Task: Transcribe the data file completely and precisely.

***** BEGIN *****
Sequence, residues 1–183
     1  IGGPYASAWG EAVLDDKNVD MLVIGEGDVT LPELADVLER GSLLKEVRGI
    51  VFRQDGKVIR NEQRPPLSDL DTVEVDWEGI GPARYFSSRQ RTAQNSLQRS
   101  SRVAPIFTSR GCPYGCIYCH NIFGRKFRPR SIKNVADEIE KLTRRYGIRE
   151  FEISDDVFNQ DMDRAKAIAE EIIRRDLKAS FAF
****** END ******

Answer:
Sequence, residues 1–183
     1  IGGPYASAWG EAVLDDKNVD MLVIGEGDVT LPELADVLER GSLLKEVRGI
    51  VFRQDGKVIR NEQRPPLSDL DTVEVDWEGI GPARYFSSRQ RTAQNSLQRS
   101  SRVAPIFTSR GCPYGCIYCH NIFGRKFRPR SIKNVADEIE KLTRRYGIRE
   151  FEISDDVFNQ DMDRAKAIAE EIIRRDLKAS FAF